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Favourites and key creations
CHRONOGRAPH watches are usually made for car lovers - and it's only natural that car lovers like Wihelm Schmid also love chronographs. "If I have to stick with one watch, it has to be a chronograph," the chief executive of A Lange & Sohne tells you.
Yet the former BMW executive isn't sure why: "I don't know. First of all, it's interactive. You push a button and something happens. It's difficult to explain why you love things. You're attracted by it, you don't really know why. But I would always go for chronographs above perpetual calendars."
His favourite is the A Lange & Sohne Datograph Up/Down, launched in 2011. It's an update of the original A Lange & Sohne Datograph unveiled nearly 20 years ago - the brand's first chronograph which collectors worship.
The Datograph Up/Down has a bigger case (41mm versus the original's 39mm) and a much-improved power reserve (60 hours versus the original's 36 hours). It also has a power reserve indicator.
Mr Schmid likes the Datograph Up/Down better than the first Datograph because it sits more comfortably on his wrist, he says. It's also the first watch which he was "deeply involved" in making.
But the Lange boss concedes that the original Datograph "will always play a major role" in his company. "We launched it in 1999 as a complete surprise and, ever since then, the watch has had a strong demand."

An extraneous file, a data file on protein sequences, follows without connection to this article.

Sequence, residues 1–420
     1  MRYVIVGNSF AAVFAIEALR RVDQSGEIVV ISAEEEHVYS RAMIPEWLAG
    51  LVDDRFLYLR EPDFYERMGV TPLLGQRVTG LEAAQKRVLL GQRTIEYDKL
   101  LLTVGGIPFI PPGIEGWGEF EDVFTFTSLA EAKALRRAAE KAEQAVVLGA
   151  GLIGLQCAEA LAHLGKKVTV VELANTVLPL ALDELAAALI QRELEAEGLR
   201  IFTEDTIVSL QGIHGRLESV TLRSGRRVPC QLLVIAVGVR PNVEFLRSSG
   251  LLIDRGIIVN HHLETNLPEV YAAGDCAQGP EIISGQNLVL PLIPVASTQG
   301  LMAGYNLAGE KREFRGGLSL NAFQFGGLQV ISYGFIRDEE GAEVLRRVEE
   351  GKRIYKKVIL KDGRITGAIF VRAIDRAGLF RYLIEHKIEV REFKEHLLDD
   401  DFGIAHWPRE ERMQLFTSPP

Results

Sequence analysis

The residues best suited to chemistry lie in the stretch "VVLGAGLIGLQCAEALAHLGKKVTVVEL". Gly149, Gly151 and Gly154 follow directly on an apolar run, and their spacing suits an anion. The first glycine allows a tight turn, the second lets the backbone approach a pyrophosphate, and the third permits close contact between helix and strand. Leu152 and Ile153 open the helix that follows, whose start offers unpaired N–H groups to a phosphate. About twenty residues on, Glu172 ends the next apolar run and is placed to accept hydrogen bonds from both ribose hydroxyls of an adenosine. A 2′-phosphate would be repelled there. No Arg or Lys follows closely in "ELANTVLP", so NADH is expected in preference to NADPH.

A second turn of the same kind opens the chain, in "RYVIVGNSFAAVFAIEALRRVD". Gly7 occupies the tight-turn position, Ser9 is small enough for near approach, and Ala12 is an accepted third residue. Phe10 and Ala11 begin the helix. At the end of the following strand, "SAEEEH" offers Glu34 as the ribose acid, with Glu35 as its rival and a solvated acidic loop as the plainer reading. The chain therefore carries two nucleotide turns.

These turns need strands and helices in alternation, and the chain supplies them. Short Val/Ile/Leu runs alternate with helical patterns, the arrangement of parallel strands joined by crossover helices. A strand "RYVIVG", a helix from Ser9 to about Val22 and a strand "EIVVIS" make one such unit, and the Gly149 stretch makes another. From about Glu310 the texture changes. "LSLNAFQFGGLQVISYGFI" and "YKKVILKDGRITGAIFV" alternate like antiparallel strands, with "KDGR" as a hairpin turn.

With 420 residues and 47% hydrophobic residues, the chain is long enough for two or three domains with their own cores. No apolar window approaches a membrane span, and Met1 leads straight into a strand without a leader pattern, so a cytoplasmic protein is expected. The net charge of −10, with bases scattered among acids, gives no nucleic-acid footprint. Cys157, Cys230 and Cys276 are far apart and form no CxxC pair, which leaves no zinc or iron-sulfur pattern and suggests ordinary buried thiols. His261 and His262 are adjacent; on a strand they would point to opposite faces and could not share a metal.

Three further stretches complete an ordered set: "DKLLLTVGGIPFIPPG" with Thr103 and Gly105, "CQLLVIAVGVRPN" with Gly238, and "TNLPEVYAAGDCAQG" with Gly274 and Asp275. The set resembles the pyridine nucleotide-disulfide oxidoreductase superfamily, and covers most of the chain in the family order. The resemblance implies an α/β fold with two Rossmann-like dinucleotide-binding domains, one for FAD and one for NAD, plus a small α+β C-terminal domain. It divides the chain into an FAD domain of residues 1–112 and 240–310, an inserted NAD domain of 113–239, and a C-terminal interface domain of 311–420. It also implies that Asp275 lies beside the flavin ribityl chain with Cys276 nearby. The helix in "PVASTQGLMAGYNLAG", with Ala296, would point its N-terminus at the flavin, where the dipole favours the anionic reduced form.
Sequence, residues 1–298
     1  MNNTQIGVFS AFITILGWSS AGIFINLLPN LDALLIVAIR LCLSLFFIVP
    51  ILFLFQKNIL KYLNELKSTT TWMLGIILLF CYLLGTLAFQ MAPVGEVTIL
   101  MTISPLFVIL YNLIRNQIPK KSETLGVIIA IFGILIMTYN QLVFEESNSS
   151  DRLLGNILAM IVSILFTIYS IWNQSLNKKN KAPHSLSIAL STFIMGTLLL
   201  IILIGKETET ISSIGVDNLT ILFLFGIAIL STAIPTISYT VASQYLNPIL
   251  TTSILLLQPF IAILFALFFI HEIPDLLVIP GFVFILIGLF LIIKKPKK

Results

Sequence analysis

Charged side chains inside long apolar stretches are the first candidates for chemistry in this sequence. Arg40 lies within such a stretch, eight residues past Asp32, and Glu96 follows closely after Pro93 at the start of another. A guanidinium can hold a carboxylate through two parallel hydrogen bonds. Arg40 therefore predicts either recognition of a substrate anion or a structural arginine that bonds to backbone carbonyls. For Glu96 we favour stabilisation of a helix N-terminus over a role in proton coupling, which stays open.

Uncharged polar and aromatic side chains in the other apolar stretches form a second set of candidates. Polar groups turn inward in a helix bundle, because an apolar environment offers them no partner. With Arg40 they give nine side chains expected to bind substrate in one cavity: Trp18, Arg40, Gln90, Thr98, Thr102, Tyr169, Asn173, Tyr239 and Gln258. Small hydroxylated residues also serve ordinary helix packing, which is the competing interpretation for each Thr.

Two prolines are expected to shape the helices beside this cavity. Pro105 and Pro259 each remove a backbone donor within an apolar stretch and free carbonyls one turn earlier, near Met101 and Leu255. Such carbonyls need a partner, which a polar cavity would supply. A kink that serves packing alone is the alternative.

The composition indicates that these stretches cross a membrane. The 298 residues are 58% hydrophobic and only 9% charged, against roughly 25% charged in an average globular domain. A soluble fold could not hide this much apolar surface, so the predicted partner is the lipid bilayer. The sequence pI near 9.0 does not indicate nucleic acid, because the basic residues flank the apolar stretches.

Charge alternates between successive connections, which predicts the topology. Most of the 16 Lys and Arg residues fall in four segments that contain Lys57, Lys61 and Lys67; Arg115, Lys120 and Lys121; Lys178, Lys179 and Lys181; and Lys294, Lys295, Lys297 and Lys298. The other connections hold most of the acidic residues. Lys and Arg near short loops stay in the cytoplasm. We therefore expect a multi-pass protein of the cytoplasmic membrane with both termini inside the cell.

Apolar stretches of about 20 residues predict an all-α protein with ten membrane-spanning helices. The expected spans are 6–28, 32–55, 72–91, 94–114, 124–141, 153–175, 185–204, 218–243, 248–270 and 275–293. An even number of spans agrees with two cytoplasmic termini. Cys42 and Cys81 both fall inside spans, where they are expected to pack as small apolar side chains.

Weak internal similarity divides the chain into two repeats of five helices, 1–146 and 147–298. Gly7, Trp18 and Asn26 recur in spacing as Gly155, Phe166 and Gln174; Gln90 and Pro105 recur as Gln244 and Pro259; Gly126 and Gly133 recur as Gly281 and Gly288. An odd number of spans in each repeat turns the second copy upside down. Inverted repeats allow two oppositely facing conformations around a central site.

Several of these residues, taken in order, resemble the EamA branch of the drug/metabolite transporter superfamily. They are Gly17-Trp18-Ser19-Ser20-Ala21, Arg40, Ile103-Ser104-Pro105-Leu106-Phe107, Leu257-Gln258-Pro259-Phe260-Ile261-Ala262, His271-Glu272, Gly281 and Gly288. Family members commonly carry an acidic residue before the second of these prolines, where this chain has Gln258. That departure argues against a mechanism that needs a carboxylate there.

Only the Lange 1, the brand's signature model which features an asymmetrical dial with a two-window big date mechanism, is more important. The watch, also known as "the face of Lange", has not only single-handedly made the revival of A Lange & Sohne a huge success, but it continues to wow watch buyers.
"I will be long forgotten but the Lange 1 will still be the icon of the brand," Mr Schmid says. "It's here to stay. That's why every year we work on a Lange 1 model to keep that family in the centre of our minds."
The Lange Zeitwerk, the mechanical digital timepiece rolled out in 2009 as Lange's "new face", is singled out by Mr Schmid as another key creation under his watch. "It's the opposite of the 1815 model, which looks like a pocket watch, very classical," he notes. "The Zeitwerk is a very contemporary watch."